Today’s MOZEN: Not Left Behind

Donald Trump’s meteoric and almost completely unexpected rise to the Presidency of the United States was fueled by millions of people who felt that they had become disenfranchised from the American dream. Mostly from rural areas and un or under-educated, these Americans expressed their frustration with being left behind, if not downright ignored by the government by voting for Mr. Trump.

So, they elected a man who supposedly was not a part of the Washington system and promised them everything that they wanted to hear: glorious coal would be making a comeback. Manufacturing jobs would be returning in droves. And, a new border wall, paid for by Mexico, would keep the violent hordes from shit hole countries away from their jobs, wives, and daughters.

They would not be forgotten anymore.

Certainly, most of their concerns were (and, still are) legitimate. Many rural areas have been sorely neglected for decades. Since the bulk of US voters live in urban areas, political expediency dictated that the lion share of available aid went there instead of to country folk. With the risk of sounding flippant, it’s simply more popular to be poor in the city than it is to be in the country.

However, despite the legitimacy of their issues, their cause eventually took on the mantle of Fear and Loathing. This, of course, was exacerbated by a feckless President, who fed on those insecurities for his own benefit. In doing so, he created an atmosphere that encouraged rage instead of cooperation.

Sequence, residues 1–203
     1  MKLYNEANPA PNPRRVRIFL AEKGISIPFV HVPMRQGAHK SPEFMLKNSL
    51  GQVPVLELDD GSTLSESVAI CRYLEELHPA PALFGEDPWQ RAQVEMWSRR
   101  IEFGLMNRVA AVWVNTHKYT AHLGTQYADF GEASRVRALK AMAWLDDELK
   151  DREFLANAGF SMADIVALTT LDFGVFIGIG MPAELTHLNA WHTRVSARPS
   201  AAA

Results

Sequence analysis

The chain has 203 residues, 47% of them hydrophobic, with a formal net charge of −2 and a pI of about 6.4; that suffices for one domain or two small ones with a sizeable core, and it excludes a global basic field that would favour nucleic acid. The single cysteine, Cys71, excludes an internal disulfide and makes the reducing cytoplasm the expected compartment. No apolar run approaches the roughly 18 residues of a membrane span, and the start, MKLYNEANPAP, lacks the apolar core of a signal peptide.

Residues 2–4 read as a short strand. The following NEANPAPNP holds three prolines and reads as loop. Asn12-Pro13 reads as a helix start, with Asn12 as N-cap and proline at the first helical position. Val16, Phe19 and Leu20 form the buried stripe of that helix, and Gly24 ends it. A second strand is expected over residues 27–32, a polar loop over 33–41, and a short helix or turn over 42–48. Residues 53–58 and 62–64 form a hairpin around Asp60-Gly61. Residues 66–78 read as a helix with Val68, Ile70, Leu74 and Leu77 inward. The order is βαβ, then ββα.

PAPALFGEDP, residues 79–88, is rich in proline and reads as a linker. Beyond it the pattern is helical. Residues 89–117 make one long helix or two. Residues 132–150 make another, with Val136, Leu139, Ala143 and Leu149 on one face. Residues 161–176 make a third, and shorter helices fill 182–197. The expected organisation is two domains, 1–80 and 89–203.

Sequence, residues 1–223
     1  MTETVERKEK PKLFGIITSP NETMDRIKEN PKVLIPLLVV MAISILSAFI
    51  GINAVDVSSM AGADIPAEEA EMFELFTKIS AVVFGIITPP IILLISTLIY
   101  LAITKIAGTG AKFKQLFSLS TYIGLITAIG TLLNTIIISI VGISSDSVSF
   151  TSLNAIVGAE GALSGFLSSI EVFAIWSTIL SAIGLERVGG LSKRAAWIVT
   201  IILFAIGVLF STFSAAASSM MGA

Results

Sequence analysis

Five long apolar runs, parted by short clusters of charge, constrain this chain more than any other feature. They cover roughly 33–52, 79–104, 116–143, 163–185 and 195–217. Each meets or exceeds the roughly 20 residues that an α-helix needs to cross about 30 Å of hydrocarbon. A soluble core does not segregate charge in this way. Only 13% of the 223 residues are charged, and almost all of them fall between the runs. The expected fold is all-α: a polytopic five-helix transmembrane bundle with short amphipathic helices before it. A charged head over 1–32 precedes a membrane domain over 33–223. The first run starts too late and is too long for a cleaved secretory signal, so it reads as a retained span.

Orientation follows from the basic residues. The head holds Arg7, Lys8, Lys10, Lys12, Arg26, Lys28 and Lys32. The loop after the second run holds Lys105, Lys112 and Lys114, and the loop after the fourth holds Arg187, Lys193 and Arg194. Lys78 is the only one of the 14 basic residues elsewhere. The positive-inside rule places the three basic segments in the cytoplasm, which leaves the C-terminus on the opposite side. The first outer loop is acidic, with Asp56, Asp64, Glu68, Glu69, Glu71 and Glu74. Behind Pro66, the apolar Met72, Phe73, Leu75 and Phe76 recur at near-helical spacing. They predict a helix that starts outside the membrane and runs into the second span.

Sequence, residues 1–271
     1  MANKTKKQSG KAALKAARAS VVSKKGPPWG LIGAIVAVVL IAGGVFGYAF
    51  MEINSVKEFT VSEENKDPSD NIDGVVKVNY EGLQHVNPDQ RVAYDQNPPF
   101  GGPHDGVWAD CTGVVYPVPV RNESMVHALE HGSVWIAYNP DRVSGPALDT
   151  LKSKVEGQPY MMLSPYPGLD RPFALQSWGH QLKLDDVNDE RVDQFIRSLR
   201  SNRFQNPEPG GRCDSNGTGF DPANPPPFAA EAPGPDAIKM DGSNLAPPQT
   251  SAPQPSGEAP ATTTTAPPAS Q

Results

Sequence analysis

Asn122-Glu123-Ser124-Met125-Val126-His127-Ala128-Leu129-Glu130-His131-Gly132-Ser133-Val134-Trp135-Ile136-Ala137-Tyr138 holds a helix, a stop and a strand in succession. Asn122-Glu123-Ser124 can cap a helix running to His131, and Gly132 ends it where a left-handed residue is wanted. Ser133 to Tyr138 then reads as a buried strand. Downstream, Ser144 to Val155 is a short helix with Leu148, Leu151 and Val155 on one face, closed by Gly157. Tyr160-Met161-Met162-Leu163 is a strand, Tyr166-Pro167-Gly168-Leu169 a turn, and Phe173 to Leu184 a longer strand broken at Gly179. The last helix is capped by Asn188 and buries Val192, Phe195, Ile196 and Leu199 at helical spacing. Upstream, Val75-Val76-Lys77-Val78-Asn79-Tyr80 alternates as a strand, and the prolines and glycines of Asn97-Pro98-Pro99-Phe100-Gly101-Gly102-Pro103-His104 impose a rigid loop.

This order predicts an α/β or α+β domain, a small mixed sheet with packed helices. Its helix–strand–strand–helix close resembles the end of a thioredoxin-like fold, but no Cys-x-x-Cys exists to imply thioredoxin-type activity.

He fostered an attitude that by raising the living standards of those who have been traditionally overlooked (i.e. people of color, immigrants, etc.), we would thereby reduce what people who had little left to lose even further. So, they would cling to the last vestige of power that they had left, that of White Privilege. It seemed as long as they had someone to look down on, their lives couldn’t be all that bad.

Although very much in focus today, this attitude has been with us for a long time, particularly in the South. One of the great conundrums of the Civil War was how a slaveholding aristocracy managed to convince a poor, non-slaveholding populace to fight and die for THEIR cause. Many historians suggest that they did so by aristocrats persuading white Southerners that they still had at least someone, i.e. blacks, that they could look down upon. At least that was something.

And, we have a similar attitude today.

The mob that attacked The Capitol in Washington, reaping havoc and causing wanton destruction, was overwhelmingly white. OVERWHELMING, if not exclusively so. The very idea that their man in the White House, the man who told them what they wanted to hear, whether truthful or not, was no longer in charge sent them into a frenzy of carnage. Furthermore, although people participated from all over the Country, interviews revealed a very high percentage of participants that came from rural America.

They feared that the progress of some would mean even less for them.

The Civil War is over!!!

Somehow, some way, some day, we will have to convince these people that raising the standard of living for ALL doesn’t mean accepting less for OTHERS. If we work together to improve the lot of all, we are not leaving anyone behind. The two things are not mutually exclusive! Fear and Loathing should NOT be part of the equation.

There will still be enough cake left for everyone to have their piece — and, eat it too.